Johan Edlund (Tiamat) interviewed

You’re on your 25th year, your tenth album and your fourth record label, at this point. What keeps Tiamat humming?Johan Edlund: That’s never been a problem. We’ve decided to allow ourselves complete artistic freedom. We don’t do this for the money nor for pleasing anybody else. We still love doing it because it still excites us.

The Scarred People, I feel, ups the quality missing on your previous full-lengths. What makes it different from, say, anything in your past from last 10 years?
Johan Edlund: I don’t have a clue. We just do it. The result is secondary for me. The working process and the cooperation with the other guys in the band, that’s what’s important.

Is there a particular flow to the album? I tend to think the songs are grouped together for a reason, whether it’s for the track ordering or for emotional heft.
Johan Edlund: I think the order of the songs is very important. Or, at least as important as everything else on an album. Music, lyrics, artwork. And song order. Everything must come together.

I see you’re still very much into Sisters of Mercy. The title track and “Thunder & Lightning” are very much homages to the Brits. What’s so fascinating, to you as a songwriter, about Sisters of Mercy?
Johan Edlund: I’m not listening much to music at all these days, and honestly I haven’t heard Sisters in many years. Still like them, but there’s nothing to it when it comes to influences. I prefer silence before any music.

“Thunder & Lightning” was originally a LucyFire tune, correct? How’d that end up on The Scarred People?
Johan Edlund: It’s a LucyFire cover. Along with covers of Lana Del Rey and Bruce Springsteen.

You have two pretty different instrumentals on the record. What distinguishes “Before Another Wilbury Dies” from “Tiznit” creatively and emotionally?
Johan Edlund: I don’t know. We just did what felt right at the time. I leave it to the listener to analyze it.

How’d you find Roger? He’s pretty spectacular, actually. Reminds me of the first time the world heard Magnus on the Wildhoney effort.
Johan Edlund: Friend of friends who needed to get on with something new in his musical life. He and me are two opposites in many ways, but we’ve found a good way in combining the best of us two. At least we think so. Love him!

Did you give Roger freedom to play and compose his parts or did you already have thematic ideas in place?
Johan Edlund: He did some very important songwriting for the album and we spent ages in the studio together with Siggi Bemm, trying to find the best arrangements. I can’t take any credit for Roger’s guitar playing, obviously, but I really had a very big part in producing him.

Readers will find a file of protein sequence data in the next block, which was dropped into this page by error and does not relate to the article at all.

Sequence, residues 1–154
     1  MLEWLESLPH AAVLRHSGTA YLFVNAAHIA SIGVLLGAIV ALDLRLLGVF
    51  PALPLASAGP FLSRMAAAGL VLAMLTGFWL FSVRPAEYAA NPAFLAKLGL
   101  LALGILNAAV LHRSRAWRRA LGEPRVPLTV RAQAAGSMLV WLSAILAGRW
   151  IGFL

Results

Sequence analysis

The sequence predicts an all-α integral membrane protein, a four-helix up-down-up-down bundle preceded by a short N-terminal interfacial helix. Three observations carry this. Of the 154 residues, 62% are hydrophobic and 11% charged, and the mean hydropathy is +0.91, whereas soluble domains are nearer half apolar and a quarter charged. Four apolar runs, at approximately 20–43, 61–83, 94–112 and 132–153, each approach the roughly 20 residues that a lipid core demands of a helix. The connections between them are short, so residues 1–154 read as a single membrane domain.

Who are The Scarred People?
Johan Edlund: They’re all in there, on the album. I’m one of them.

666 appears on “The Red of the Morning Sun”. What does this number mean to you at this point?
Johan Edlund: It’s a good looking number, but I believe that everything is of equal value, so it’s none a bit more sexy than 384. Or 33. Or 2.

Sounds like “The Sun Also Rises” is about former lovers. Lyrically, what are you discussing here? And, the mandolin was a nice touch. Gave the song a bucolic, lazy Sunday feel.
Johan Edlund: It’s automative Dada, jumping from cold to hot in split seconds. The music is so damn monotone that I had to make the jumps in the lyrics. From fact to fiction, from down to earth to religious dogmas. Love/hate. All that contrasting stuff that we love.

What’s happening on the cover? There are layers behind it, correct?
Johan Edlund: There are lots of layers behind everything we do. When you’re rotoscoping video files, you’d sometimes call it onionskinning. If Tiamat would ever be a root fruit, we’d be an onion.

Why did you decide to revisit Woodhouse Studios? Is it more comfort with the studio and Siggi or were you looking for something missing from visits to other places?
Johan Edlund: I have nothing clever to say about it more than that it seemed like a good idea at the time. Worked out fine. Great place and a very nice and inspired atmosphere.

What did you make of ex-band mates reuniting under the Treblinka banner for the release of the Swedish Death Metal book and why didn’t you participate?
Johan Edlund: I don’t have an opinion about it. I was not interested.

Amanethes had some old-school death metal vestiges on it. “Equinox of the Gods,” for example. It’s something you moved away from The Scarred People. Was that more a one-off experiment?
Johan Edlund: I don’t know. When I write a song I try to go along with the song and give it what it needs. I’ll stay open-minded to any kind of ideas also on future albums.

Does the death/black metal thing interest you anymore? I understand a lot of years separate you from the late ‘80s/early ‘90s.
Johan Edlund: I’m not listening much to music. I honestly don’t like sound so much. And I’m not nostalgic. The past doesn’t interest me.

OK, what’s the next chapter for Tiamat look like?
Johan Edlund: We hope to play live a lot. Hopefully going back to US. We’re doing the 70000 Tons cruise in January, and possibly a few shows around that.

** Tiamat’s The Scarred People is out now on Napalm Records. It’s available HERE in a few different—some very limited—formats. Or you can wait for the new Fleetwood Mac record, which promises, if anything, to be boring.